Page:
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Random thoughts on BLISTT
by Alexander L. Bangsoy

It is suggested that a new study about the Baguio-La Trinidad-Itogon-Sablan-Tuba-Tublay (BLISTT) concept must be conducted because changes in the environment and the market might have rendered the previous European-sponsored BLISTT study obsolete. From a developer’s point of view, there are three important things to make  BLISTT work. These are public-private partnership, market study, and local government units readiness.

Public-private partnership

The BLISTT concept will not work if the public and private sector will not team up as early as the planning phase until the execution phase of the project. For example, there is a clamor for the  Loakan Airport to be operational but unless a private airline will agree to operate and provide flights, the airport will just become another white elephant. More importantly, no airline will want to operate unless it is financially viable, meaning there is a  market  for it that would  justify the cost of operations.

This is the same with BLISTT. Designating uses for industrial, tourism, or residential zones in the BLISTT areas will be useless unless the private sector will establish needed businesses in these  designated areas, which brings us to the second point.

Market study

Aside from the limited employment opportunities in government, there is no denying that the bulk of job generation comes from the private sector. However, the private sector will only be enticed to establish businesses in the BLISTT once it is convinced it has a market for it.

As a developer, I could see four feasible core businesses that could fuel the BLISTT concept. These are tourism, business process outsourcing (BPOs), education, and real estate development.

The best bet here of course is tourism. With the onslaught of climate change in  terms of extreme hot weather all over the country, the temperate weather in  the BLISTT makes it an attractive tourism investment area. This is in synergy with the general trend and national thrust of taipans and major businessmen in the country now where they are investing heavily on domestic and foreign tourism.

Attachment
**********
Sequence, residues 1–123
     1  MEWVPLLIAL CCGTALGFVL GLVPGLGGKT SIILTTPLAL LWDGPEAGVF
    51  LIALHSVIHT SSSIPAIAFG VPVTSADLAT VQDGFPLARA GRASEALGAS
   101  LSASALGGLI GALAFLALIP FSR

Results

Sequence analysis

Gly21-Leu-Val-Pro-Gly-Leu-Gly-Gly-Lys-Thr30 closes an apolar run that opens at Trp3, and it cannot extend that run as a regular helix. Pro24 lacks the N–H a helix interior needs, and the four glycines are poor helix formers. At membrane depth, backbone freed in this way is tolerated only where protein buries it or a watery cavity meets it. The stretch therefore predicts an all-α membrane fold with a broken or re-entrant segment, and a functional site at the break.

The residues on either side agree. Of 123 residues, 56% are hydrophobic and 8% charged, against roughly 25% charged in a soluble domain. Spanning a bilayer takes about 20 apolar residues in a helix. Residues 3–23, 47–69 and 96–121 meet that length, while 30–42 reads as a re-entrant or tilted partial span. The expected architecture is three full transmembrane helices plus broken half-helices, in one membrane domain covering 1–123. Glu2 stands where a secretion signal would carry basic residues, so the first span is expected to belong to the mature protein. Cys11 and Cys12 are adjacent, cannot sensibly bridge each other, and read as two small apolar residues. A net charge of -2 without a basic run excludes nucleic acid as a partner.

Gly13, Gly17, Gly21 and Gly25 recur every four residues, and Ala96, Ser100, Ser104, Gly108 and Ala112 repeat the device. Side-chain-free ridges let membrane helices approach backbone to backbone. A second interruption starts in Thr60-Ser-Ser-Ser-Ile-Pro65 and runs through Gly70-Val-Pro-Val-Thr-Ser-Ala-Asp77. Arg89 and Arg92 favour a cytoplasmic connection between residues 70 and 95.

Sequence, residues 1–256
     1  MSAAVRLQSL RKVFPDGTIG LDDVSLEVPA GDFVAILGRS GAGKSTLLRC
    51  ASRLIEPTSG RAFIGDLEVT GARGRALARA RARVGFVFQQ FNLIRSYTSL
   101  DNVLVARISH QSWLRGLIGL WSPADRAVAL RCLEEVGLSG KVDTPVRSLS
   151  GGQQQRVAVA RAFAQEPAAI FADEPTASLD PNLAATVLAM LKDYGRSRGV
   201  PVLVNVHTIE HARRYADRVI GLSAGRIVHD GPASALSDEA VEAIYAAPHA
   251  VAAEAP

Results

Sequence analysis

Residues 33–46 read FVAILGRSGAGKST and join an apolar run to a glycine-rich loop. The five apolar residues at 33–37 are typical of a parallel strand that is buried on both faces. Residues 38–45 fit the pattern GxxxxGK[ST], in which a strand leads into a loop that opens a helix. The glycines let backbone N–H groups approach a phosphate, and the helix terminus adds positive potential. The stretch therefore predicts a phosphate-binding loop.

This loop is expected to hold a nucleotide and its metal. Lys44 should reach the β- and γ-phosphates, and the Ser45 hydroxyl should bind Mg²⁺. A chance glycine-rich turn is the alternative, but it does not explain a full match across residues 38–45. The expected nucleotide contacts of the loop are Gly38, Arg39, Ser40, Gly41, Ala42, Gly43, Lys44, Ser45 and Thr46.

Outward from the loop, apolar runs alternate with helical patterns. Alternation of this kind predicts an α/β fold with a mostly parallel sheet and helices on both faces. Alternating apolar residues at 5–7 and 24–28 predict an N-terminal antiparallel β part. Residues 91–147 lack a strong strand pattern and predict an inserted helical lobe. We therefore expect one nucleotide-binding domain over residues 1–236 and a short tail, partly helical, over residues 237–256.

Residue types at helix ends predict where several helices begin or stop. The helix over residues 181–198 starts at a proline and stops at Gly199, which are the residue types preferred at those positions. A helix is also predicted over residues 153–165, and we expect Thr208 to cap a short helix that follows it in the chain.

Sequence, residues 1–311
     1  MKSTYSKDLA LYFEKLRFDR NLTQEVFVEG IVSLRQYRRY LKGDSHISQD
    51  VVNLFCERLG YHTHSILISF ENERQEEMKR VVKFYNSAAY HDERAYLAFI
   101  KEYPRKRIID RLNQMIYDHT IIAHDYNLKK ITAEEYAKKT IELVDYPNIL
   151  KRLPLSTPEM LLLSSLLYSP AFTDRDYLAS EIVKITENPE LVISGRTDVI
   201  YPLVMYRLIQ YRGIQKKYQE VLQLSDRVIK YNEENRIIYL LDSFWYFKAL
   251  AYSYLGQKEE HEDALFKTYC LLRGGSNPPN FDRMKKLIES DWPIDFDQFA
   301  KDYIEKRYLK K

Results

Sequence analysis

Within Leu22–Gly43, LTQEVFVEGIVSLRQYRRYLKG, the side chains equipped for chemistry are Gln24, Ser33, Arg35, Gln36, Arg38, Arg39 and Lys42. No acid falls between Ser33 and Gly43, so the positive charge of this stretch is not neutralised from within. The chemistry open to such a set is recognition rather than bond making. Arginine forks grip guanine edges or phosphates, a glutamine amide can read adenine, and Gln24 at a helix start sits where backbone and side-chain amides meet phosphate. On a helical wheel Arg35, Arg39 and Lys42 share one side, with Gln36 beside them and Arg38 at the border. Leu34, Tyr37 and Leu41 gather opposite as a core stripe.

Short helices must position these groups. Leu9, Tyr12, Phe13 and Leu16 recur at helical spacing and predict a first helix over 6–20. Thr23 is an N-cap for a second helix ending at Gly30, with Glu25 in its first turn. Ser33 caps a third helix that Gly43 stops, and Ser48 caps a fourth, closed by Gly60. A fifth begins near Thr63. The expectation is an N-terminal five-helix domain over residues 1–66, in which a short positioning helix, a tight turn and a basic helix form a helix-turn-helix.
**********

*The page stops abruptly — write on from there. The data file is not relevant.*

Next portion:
In tourism, the BLISTT could do a lot of innovations from the bread and butter tourism play. The BLISTT could strengthen its eco-tourism beyond ziplines, sports tourism, medical, and educational tourism.

Another good bet for the BLISTT would be BPOs. The BPO industry is not a technology business but a human resource business. With the 70,000 or so college students in the locality, the BLISTT is a shoo-in for this business. In fact, the BLISTT, mainly Baguio, was included among the 10 Wave Cities for BPOs nationwide, with the presence of major BPO firms in the city.

Next would be education dispersed within the BLISTT, not mainly concentrated in Baguio, as we are still considered the top educational center in Northern Luzon. Of course, all these businesses will be needing real estate development for residential and commercial purposes.

LGU readiness

Having a good market for business is only half of the equation. The other half would be the attractiveness of the BLISTT as competitive areas to do business. This is something that both the public and private sectors need to improve on if we are serious in seeing the BLISTT actually move on the ground, beyond the rhetorics.

In the 2013 Cities and Municipalities Competitiveness Index report done by the National Competitiveness Council, neither Baguio City nor La Trinidad made it to the top 50. Some of the matrix the council used to measure competitiveness are responsiveness of the LGU to business needs, which cover length of time to renew business permits, cost of renewing permits,  cost of doing business, cost of registering property, and availability of investment incentives among other considerations.

But Tabuk City in Kalinga made it to  38th, the only LGU from Cordillera that at least got a rank in the top 50 competitive cities in the Philippines in terms of economic dynamism, government efficiency, and infrastructure.